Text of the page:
Bidirectional Requirements Traceability

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Linda Westfall
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Backwards traceability helps ensure that the evolving product remains on the correct track with regards to the original and/or evolving requirements (that we are building the product right). The objective is to ensure that we are not expanding the scope of the project by adding design elements, code, tests or other work products that are not called out in the requirements (i.e., “gold plating”). If there is a change needed in the implementation or if the developers come up with a creative, new technical solution, that change or solution should be traced backwards to the requirements and the business needs to ensure that it is within the scope of the desired product. For example, if there is a work product element that doesn’t trace backwards to the product requirements one of two things is true.

The first possibility is that there is a missing requirement because the work product element really is needed. In this case, traceability has helped identify the missing requirement and can also be used to evaluate the impacts of adding that requirement to project plans and other work products (forward traceability again). The second possibility is that there is “gold plating” going on – something has been added that should not be part of the product. Gold plating is a high risk activity because project plans have not allocated time or resources to the work and the existence of that part of the product may not be well communicated to other project personnel (e.g., tester doesn’t test it, it’s not included in user documentation).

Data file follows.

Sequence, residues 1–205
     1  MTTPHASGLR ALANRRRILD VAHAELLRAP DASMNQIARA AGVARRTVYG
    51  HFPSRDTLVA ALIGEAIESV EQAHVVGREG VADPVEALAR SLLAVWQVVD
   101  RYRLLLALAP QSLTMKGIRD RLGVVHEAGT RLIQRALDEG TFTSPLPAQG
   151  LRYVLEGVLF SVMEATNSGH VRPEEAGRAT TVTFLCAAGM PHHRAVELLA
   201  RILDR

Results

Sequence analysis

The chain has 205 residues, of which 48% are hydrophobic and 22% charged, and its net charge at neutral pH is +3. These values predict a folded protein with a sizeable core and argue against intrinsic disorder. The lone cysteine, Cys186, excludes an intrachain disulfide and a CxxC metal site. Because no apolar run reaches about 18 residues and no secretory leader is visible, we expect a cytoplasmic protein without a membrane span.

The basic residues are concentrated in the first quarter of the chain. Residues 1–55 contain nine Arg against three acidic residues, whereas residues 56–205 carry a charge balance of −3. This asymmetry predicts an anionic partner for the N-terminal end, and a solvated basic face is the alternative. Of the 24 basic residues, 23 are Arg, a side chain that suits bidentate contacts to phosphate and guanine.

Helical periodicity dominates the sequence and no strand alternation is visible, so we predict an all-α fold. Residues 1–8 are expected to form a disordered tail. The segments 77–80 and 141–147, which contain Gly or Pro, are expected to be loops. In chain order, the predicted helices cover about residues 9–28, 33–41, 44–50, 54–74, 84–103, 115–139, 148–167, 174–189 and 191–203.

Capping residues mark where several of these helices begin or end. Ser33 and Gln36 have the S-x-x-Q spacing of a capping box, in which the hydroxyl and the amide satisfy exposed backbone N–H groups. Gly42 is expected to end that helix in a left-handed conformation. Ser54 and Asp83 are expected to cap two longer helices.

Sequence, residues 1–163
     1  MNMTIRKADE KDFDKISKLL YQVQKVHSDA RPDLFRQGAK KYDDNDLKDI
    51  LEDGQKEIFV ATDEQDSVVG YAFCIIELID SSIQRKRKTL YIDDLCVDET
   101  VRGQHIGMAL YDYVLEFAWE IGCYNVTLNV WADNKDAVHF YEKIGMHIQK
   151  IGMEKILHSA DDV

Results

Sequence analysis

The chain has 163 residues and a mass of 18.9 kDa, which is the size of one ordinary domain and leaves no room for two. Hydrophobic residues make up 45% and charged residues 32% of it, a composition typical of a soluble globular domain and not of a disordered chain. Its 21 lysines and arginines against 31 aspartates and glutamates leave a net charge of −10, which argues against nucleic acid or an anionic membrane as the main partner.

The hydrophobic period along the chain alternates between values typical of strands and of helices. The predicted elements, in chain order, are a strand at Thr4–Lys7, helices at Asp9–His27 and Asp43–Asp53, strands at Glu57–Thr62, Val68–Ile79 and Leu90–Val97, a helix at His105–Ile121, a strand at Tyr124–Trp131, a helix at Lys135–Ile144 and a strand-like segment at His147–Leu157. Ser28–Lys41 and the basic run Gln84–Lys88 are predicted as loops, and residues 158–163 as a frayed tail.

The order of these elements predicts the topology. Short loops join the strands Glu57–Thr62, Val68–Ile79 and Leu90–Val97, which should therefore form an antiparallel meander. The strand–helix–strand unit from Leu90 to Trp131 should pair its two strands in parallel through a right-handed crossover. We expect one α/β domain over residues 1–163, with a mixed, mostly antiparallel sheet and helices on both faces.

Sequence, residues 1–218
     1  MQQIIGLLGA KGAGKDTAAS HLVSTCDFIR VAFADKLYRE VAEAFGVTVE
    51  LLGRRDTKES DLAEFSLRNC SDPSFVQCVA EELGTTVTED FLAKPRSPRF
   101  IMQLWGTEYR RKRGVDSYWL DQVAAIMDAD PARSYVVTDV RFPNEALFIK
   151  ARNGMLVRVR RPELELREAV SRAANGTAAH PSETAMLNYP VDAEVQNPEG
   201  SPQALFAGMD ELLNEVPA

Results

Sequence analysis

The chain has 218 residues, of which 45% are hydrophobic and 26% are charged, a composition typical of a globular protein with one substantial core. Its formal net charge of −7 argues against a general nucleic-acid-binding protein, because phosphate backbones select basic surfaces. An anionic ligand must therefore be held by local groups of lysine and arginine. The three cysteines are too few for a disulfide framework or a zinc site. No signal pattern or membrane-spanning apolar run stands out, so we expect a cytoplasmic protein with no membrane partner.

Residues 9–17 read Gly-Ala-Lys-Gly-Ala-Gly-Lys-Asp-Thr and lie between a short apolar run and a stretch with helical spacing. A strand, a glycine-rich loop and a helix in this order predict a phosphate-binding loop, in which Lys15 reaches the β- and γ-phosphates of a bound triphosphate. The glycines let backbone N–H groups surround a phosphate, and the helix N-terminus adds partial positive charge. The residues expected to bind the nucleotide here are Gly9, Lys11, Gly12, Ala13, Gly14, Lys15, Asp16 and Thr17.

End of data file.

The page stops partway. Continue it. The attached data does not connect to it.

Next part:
Traceability is one of the essential activities of good requirements management. Traceability is used to ensure that the right products are being built at each phase of the software development life cycle, to trace the progress of that development and to reduce the effort required to determine the impacts of requested changes.